Global initiative: PROTECTED AREA NETWORK

Global initiative: PROTECTED AREA NETWORK

Global initiative: PROTECTED AREA NETWORK

The MAB (Man and biosphere reserve)

• An Intergovernmental Scientific Programme.
Aim – to set a scientific basis for the improvement of the relationships between people
and their environment globally.
• Launched in the early 1970s it wanted to promote innovative approaches to economic
development that is socially and culturally appropriate and environmentally sustainable.
• Agenda of the MAB Prorgamme is defined by
International Coordinating Council (main
governing body
).
• For implementation of its interdisciplinary work on ground, MAB relies on the
World
Network of Biosphere Reserves
, and on thematic networks and partnerships for
knowledge-sharing, research and monitoring, education and training, and participatory
decision making.
• It predicts the consequences of today’s actions on tomorrow’s world and thereby
increases people’s ability to efficiently manage natural resources for the well-being of
both human populations and the environment.

Biosphere Reserve (BR)

Definition

• A Biosphere Reserve is a unique and representative ecosystem of terrestrial and coastal
areas which are internationally recognized within the framework of UNESCO’s Man and
Biosphere (MAB) Programme.
They are special environments for both people and the nature and are living examples
of how human beings and nature can co-exist while respecting each other’s needs.
• This program wants to promote sustainable development based on local community
efforts and sound science.

Characteristics of Biosphere reserve

• Each Biosphere Reserves are protected area of land and/or coastal environments where
in people are an integral component of the system.
• The network of BRs includes significant examples of biomes throughout the world.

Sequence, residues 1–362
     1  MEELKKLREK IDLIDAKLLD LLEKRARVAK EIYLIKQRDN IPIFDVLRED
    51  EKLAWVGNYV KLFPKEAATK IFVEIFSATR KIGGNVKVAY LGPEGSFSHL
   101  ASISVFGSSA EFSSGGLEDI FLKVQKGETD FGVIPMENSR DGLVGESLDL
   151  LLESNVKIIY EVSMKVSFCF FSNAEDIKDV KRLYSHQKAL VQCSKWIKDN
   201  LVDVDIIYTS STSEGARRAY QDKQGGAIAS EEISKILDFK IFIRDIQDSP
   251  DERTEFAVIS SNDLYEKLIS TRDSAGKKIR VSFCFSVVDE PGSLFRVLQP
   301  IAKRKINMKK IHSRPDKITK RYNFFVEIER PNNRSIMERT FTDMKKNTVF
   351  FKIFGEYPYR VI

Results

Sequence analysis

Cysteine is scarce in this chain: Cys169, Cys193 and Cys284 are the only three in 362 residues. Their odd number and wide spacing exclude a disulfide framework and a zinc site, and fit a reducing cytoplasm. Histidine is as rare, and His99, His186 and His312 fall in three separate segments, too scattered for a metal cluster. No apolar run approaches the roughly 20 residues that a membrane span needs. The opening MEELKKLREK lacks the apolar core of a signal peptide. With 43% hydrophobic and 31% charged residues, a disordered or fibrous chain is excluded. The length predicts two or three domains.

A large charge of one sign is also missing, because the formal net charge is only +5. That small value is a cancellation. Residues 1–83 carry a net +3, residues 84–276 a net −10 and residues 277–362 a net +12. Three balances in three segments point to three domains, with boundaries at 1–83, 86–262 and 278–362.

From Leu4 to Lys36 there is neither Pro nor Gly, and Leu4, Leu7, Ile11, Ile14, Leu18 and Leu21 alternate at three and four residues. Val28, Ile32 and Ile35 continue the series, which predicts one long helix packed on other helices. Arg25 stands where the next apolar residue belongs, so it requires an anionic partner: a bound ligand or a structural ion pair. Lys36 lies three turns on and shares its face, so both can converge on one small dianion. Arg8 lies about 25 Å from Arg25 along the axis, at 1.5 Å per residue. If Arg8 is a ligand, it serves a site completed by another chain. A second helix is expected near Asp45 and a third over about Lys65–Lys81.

• Each BR includes one or more of the following categories –

  • o BRs are representative examples of nature biomes.
    o They conserve unique communities of biodiversity.
    o BRs have examples of harmonious landscapes resulting from traditional patterns
    of land use.
    o BRs have examples of modified or degraded ecosystems capable of being
    restored to more natural conditions.

National Biosphere Reserve Programme

• It was initiated in 1986.

Aim

• To serve as wider base for conservation of entire range of living resources and their
ecological foundations.
• To bring out representative ecosystems.
• To ensure participation of local inhabitants → effective management and improving
livelihood.
• Integrate scientific research with conservation, education and training (as overall
management of BR).

Biosphere reserves of India

Year Name Location State Type Key Fauna
1986 Nilgiri
Biosphere
Reserve
Part of Waynad, Nagarhole,
Bandipur and Mudumalai,
Nilambur, Silent Valley
Tamil Nadu,
Kerala and
Karnataka
Western
Ghats
Nilgiri tahr, lion
tailed macaque
1988 Nanda Devi
National
Park &
Biosphere
Reserve
Parts of Chamoli District,
Pithoragarh District & Bageshwar
District
Uttarakhan
d
Western
Himalayas
Snow Leopard,
Himalayan Black
Bear
1989 Gulf of
Mannar
Indian part of Gulf of Mannar
extending from Rameswaram
island in the North to
Kanyakumari in the South of
Tamil Nadu and Sri Lanka
Tamil Nadu Coasts Dugong or sea
cow
1988 Nokrek Part of Garo Hills Meghalaya East